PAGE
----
The house parents of Coyote Hill are no strangers to emotional strife, and it takes its toll. Denise and Larry have made sure to give the parents weekly date nights and time to relax and recover. Denise explains: “You have to have time off. If you ever want to talk about strong women or incredible women, come to Coyote Hill, because what [the house parents] are called to do there is absolutely some of the most wonderful and some of the most difficult work I’ve ever seen done. Both. They get children who are so broken and so hurt. And that breaks our hearts. But if that’s your child you love, oh my goodness, the emotional toll on their hearts is just incredible.”
Coyote Hill gives the house parents regular breaks and support for their marriages. “If it broke our house parents, then it wouldn’t do the kids any good, and then we’d have damaged another family. So people’s marriages became a priority really quickly,” Denise says.
But the children who come to Coyote Hill have greater needs than their house parents can meet alone. Usually victims of neglect and abuse, the kids of Coyote Hill have a lot to work through. Each child at the Hill receives weekly counseling. Kari Hopkins, Coyote Hill’s development director, explains: “They’re doing incredible work there [in counseling] just to talk through what they’ve been through so that, when they leave, they can talk about it without breaking down. But sometimes that means that, well, [the kids are] going to be angry at home as well . . . One step forward, two steps back.”
Denise agrees. “Those kids test everything our parents say. Because no one’s ever been honest or stayed solid to them, they want to see: if they get too mad, will you kick them out? If they say, ‘I hate you,’ will you call social services? Our parents stand in that gap all the time for those kids while they build that bridge.”
Every aspect of Coyote Hill has been carefully planned to help the kids build those bridges. The houses are spaced out so that the place feels like a neighborhood instead of a commune. Kids attend school in Harrisburg and have daily activities and chores. They get riding lessons as well, at Coyote Hill’s own Overton Arena. What the children don’t know is that the staff members there are trained in equestrian assisted psychotherapy. “A horse is not just a horse,” Denise says. “The kid doesn’t know, but the horse is there to help them find emotional release . . . Every decision that is made at Coyote Hill comes down to what is best for the kids.”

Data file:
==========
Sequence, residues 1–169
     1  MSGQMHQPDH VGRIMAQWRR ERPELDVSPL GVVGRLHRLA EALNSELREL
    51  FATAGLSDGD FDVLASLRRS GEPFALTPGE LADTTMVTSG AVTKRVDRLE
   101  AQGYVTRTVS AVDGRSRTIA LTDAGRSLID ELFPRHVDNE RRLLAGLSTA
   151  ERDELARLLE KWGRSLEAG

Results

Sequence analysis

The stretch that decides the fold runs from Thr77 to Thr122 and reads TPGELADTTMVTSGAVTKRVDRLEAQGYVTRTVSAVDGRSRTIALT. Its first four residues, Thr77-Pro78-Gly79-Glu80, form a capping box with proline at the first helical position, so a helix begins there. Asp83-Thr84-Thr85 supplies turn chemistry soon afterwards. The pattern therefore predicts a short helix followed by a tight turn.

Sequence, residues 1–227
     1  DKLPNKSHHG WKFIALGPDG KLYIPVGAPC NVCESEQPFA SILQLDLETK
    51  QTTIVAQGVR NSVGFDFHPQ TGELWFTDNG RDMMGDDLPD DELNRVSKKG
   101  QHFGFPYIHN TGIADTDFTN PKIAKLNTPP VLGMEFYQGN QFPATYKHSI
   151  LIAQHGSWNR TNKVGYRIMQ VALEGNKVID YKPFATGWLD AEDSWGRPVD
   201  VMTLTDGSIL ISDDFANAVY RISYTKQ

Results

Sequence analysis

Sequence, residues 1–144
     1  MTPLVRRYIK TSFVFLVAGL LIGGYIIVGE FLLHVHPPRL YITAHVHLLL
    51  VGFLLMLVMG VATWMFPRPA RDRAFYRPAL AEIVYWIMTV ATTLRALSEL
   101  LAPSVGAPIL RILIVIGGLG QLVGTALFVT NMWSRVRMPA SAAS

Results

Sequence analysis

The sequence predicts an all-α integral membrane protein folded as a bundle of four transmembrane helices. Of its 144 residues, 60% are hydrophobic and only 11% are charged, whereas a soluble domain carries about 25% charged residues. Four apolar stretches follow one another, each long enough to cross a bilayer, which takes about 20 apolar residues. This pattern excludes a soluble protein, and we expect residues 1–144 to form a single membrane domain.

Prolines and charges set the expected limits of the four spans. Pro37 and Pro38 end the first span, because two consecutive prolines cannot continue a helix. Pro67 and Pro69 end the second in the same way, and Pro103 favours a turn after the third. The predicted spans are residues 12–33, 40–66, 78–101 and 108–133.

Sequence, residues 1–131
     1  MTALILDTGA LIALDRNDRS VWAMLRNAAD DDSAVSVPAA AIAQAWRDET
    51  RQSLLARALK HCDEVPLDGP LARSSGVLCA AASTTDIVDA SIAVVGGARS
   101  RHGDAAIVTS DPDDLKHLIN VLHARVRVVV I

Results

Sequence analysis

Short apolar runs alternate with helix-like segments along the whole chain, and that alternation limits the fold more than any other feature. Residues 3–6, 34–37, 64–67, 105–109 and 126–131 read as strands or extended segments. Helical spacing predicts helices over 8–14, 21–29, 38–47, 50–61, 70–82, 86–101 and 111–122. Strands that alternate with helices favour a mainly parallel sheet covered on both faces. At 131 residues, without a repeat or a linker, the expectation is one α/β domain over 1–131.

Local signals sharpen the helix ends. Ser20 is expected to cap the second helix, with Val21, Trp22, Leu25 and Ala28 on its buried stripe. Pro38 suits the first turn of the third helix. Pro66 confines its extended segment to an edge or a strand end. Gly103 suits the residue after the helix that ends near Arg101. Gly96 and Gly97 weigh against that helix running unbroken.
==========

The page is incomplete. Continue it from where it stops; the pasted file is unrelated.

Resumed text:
Nowadays, Denise is known to the kids at Coyote Hill as Grandma Denise. If a child has a bad day, Larry will bring him or her home to get some one-on-one grandma time. And she still helps with Christmas. Some children ask for extra gifts for siblings who still live with their biological parents and might not get a present at home. Teenage girls will sometimes request a Barbie doll because they never had one as a child. Denise loves making those dreams come true. When asked if she could ever see herself or Larry retiring, she laughs. Coyote Hill is too much a part of her to even imagine leaving. And as for Larry, “Someone will probably call me someday and tell me to get him off the property — ‘He’s wandering again,’” she jokes.
But she stresses that Coyote Hill can and will survive without them. It has to be bigger than two people. “I hope that when Coyote Hill looks back, they will find pieces of my heart that helped build the foundation,” she says. “But if it failed when I was gone, when I couldn’t be there, what would that have meant? It would have meant that it was just for us.”
Coyote Hill will celebrate its 25th anniversary in September. They’re currently planning a fifth home for the property. As for Coyote Hill’s future, Denise is confident that it will continue to draw people who want to help children in need. With tears in her eyes, she says: “Coyote Hill doesn’t just save children. It really saves us. Every heart I know that has been there, they are different today because of their time on the Hill. It brings out the good in you. Sometimes, it brings out the bad in you, because it makes you face things that you don’t want to face. But overall, the Hill really heals people. It’s a place of healing for every person who comes and is a part of it. If I walked away tomorrow and never saw it again, I still would be different because of my time there.”